Consider joining a toy library, such as the Minneapolis Toy Library or The Lending Closet to reduce waste, prevent clutter and save money. Being a member of the toy library means your kids will get new toys every few weeks that match their development stage.

Overhead view of woman changing baby's cloth diaper

Gearing up for a new baby

With huge “essentials” lists and lots of baby products in stores, you might be tempted to buy many new plastic items to make sure you have covered your bases to care for your new family member. Try to stick to the basics and repurpose your existing items for your baby’s needs. For example, consider using:

  • Your existing food processor or blender instead of a baby food processor
  • A backpack, messenger bag or purse instead of a diaper bag
  • “Free and clear” laundry detergent instead of a separate baby laundry detergent
  • A regular dish rack instead of a bottle drying rack

You could also consider asking friends and family to rehome some of the baby items their children no longer need, or even look into buying some items secondhand. A lot of effort goes into marketing new baby products to first-time parents, but by refurbishing items you already have, getting hand-me-down items from friends or family, and shopping for supplies secondhand, you can reduce the amount of plastic waste associated with a new baby.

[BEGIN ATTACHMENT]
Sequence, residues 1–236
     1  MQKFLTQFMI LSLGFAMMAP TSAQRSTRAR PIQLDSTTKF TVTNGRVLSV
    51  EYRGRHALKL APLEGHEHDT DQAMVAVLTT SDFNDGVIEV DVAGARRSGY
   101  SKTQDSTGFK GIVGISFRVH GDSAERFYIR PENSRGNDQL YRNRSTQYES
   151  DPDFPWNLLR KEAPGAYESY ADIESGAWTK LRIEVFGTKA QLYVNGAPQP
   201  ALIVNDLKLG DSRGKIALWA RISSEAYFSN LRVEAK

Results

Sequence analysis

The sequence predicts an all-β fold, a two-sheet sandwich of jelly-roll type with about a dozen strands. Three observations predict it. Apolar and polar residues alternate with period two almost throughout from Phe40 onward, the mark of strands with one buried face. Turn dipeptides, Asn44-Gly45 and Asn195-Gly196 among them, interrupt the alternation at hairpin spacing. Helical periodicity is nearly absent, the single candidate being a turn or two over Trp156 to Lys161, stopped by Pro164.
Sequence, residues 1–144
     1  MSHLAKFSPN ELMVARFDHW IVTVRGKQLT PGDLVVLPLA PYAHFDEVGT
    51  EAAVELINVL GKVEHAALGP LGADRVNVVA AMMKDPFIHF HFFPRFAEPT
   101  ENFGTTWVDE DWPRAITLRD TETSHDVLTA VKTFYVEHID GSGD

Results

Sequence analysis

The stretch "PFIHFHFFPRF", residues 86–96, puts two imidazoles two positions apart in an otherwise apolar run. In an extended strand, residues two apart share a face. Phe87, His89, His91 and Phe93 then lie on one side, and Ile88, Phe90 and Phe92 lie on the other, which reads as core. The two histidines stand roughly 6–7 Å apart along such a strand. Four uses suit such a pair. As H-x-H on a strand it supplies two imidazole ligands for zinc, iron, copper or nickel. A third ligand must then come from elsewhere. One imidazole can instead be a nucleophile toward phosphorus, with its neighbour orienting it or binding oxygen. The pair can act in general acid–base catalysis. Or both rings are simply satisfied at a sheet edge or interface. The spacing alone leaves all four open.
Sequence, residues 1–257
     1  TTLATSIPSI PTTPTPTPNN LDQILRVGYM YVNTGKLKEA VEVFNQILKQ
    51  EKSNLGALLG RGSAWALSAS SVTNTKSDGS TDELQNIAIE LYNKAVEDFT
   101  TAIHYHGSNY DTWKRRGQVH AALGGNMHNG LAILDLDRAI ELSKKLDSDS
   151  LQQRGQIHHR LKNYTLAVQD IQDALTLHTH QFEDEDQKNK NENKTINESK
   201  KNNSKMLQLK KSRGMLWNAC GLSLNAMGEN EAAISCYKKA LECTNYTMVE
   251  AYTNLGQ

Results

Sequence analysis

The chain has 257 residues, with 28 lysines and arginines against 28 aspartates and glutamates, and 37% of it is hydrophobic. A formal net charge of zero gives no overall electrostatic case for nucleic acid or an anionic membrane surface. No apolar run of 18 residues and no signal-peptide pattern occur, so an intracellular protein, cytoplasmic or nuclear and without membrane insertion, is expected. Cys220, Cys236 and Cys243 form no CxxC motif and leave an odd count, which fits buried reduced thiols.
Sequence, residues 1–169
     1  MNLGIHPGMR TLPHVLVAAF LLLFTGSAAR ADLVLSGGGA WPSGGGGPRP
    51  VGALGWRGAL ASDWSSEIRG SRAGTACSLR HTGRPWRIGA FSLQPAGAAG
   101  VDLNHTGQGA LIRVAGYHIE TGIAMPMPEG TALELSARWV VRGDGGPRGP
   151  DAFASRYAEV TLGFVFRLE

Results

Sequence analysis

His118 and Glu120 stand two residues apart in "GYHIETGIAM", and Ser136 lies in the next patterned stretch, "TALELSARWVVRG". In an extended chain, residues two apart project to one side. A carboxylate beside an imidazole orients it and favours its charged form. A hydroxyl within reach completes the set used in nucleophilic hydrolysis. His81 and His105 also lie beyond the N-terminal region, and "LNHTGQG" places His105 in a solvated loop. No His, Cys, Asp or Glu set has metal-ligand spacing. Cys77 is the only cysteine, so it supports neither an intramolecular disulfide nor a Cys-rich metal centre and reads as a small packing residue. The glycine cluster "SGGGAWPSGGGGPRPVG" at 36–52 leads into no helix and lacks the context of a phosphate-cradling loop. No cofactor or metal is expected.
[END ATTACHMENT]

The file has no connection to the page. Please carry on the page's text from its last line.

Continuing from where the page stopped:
Cloth diapering

Another large opportunity to avoid plastic trash and save money is to use reusable cloth diapers. Cloth diapers are as easy to put on your child as their disposable counterparts and arguably more stylish. Cloth diapers do need to be washed, but their numerous benefits outweigh this additional step.

  1. Cloth diapers save money. The average family spends $3,000 to $4,000 per child on disposable diapers. Cloth diapers have a one-time cost of $100 to $1,500, depending on the style. Cloth diapers can be used for multiple children, so a family can easily save thousands of dollars by switching to cloth.
  2. Cloth diapers are low-waste. For families with kids using disposable diapers, about 50 percent of their weekly trash consists of disposable diapers. So, although using reusable diapers is a commitment, it has significant benefits.
  3. Cloth diapers have resale value, so many people regain part of their investment by selling them when they are no longer needed.